Tag: Rick Perry

Governor Perry and the Great Economic Debate

Last night’s debate on Bloomberg TV focused on the US economy. This was a good choice by debate sponsors, because the American people are focused on the economy out of self-defense. The abject failure of President Obama and his gaggle of academic charlatans and Wall Street Wonderboys to grasp even the basics of business, is no surprise to economic conservatives. If one is overly kind, one could call the state of our current economy “iffy”. For that reason alone, people are ready to hear Republican ideas to repair the economy.

The debate was an opportunity for Republican presidential candidates to discuss their thoughts on the economy in more detail than other formats have allowed. Many of them, including Herman Cain, Newt Gingrich and Mitt Romney made good use of the format. Others did not do as well.

Texas Governor Rick Perry didn’t lose the economics debate last night, but it may eventually cost him the nomination anyway. Perry needed a reversal in direction for his campaign and his lackluster performance did not do that. He will continue to slide in the polls because he gave no reason for the slide to stop.

Perry is right, of course, on his statements about the necessity to utilize our natural resources to save the economy. He mentioned it several times but never ventured beyond the painfully obvious. Simply put, Perry never connected the dots. There was no analysis; no linking of job production outside of the energy sector; and most importantly to his campaign, no burning reason why voters should stick with the Perry bandwagon.

Perry could have easily pointed out that we need relatively inexpensive energy to increase production of both goods and jobs. Less expensive goods – and lower transportation costs – means more exports in all sectors, which means more jobs. Less expensive products are more affordable to America’s middle class. Common sense, increased energy production lowers fuel prices; a large benefit to rural families devastated by this stubborn recession. All of this could have easily been tied to the Texas Governor’s ideas on energy and jobs. Perry failed to explain how that would work.

A good staff would have updated Governor Perry on the cost of energy in New Hampshire and the estimated cost increase due to the EPA’s recent regulation change that affects coal-fired energy plants. Perry could have pointed out that, under his leadership, Texas has sued the EPA because of that changed regulation. Not only would this have offered a specific example of how a Perry presidency would differ from the Obama Administration, it would have allowed Perry to rise above the other participants by targeting President Obama and the Democrats.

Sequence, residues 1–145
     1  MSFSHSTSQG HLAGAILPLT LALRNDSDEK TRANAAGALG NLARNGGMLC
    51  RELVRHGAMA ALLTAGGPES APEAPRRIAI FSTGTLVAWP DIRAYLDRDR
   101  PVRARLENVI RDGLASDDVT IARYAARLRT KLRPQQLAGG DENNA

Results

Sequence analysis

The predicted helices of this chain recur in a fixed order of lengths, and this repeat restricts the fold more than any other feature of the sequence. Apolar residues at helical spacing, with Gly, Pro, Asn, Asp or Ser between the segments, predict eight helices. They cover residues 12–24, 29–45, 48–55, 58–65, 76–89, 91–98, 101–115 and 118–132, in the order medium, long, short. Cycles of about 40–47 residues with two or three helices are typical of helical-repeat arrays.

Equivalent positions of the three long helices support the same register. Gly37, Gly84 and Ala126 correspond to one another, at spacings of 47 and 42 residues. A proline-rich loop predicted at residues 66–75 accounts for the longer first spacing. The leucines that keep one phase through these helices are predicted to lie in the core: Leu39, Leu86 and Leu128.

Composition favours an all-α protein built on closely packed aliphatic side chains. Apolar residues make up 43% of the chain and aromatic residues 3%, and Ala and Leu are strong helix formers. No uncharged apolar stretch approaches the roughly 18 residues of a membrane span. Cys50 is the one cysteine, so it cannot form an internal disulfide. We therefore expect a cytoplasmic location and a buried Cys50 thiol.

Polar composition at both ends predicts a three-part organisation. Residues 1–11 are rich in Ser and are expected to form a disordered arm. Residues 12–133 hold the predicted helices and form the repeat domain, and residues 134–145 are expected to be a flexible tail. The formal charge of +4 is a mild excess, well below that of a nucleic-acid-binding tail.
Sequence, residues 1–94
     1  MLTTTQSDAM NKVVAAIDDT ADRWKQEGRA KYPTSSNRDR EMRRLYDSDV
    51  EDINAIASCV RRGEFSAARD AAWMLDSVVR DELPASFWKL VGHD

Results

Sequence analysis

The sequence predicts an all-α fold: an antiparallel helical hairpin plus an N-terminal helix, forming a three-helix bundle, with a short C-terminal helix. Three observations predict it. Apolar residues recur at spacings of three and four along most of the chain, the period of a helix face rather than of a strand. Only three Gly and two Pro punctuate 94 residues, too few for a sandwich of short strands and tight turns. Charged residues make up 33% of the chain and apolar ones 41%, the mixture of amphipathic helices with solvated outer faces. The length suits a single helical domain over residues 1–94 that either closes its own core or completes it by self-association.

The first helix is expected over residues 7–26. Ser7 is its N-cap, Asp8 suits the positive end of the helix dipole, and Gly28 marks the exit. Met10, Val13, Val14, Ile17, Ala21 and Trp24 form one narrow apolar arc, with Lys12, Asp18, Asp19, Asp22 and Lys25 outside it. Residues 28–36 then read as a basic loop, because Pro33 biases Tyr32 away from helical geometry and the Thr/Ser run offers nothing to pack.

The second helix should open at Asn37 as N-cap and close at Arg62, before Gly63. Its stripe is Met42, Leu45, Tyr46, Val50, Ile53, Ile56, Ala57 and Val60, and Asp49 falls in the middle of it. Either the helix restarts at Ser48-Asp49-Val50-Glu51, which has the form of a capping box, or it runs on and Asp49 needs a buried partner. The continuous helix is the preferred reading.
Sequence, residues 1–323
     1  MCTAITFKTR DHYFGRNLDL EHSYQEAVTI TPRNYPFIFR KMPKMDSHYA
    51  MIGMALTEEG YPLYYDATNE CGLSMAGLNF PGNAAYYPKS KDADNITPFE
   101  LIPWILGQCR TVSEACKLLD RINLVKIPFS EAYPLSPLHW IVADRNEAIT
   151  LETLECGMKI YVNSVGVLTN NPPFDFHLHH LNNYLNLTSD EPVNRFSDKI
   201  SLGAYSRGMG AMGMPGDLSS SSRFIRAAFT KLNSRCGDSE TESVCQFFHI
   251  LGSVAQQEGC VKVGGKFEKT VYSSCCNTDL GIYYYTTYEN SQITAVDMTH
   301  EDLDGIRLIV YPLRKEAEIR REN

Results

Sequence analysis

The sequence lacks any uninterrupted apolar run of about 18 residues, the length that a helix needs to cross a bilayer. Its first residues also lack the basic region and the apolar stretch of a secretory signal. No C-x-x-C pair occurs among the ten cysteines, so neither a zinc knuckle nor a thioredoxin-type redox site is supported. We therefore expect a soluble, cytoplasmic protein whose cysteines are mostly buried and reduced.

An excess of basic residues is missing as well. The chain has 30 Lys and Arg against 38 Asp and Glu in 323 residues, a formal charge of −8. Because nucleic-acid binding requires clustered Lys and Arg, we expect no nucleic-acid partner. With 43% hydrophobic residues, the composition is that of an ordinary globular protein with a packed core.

Resurrecting the energy sector is a conservative and a populist position that will attract many independents. Strategically, it’s a good position for Perry if he can articulate it with passion. But beyond energy policy, Perry appeared without ideas; only able to point out the many jobs that were created in Texas during his administration. The problem for Perry is that he doesn’t tie that job creation to his policies as governor.

Perry did say that his economic plan would be available within three days, but that may be three days too late to save his chances for the nomination. Arriving on the GOP scene late allowed Perry to shoot to the top of the polls, because many Republicans were not satisfied with the announced candidates. Arriving on the GOP scene late without a plan caused Perry to fall in the polls because many Republicans were not satisfied with his answers. Last night did not resolve that problem.

When all was said and done, Perry did not do badly, but he also did not do enough to prop up his campaign. He, along with the rest of the field, have a few short months before the first primary. In the meantime, Governor Perry’s campaign may not be on life-support, but it’s in serious condition. First, he must first stop the bleeding and then his campaign must make a dramatic recovery. Like the state of our current economy; though, it certainly looks iffy.

Florida Straw Poll Makes Room For A Georgian’s Path To Republican Nomination?

Today’s Courier Herald Column:

Last Saturday, the Florida Republican Party held their Presidency 5 Convention and corresponding straw poll for President. Georgia’s Herman Cain won a strong 37.1 percent of the vote, dusting the “top tier” candidates Rick Perry and Mitt Romney who managed support from 15.4 percent and 14 percent of the delegates, respectively.

Straw polls generally provide more fodder for pundits and campaigns than for serious analysis of campaign trends, but there are occasional exceptions. Presidency 5 claims to have predicted the Republican nominee since its inception in 1979. Delegates are selected at the county party level and must pay a $175 registration fee to attend.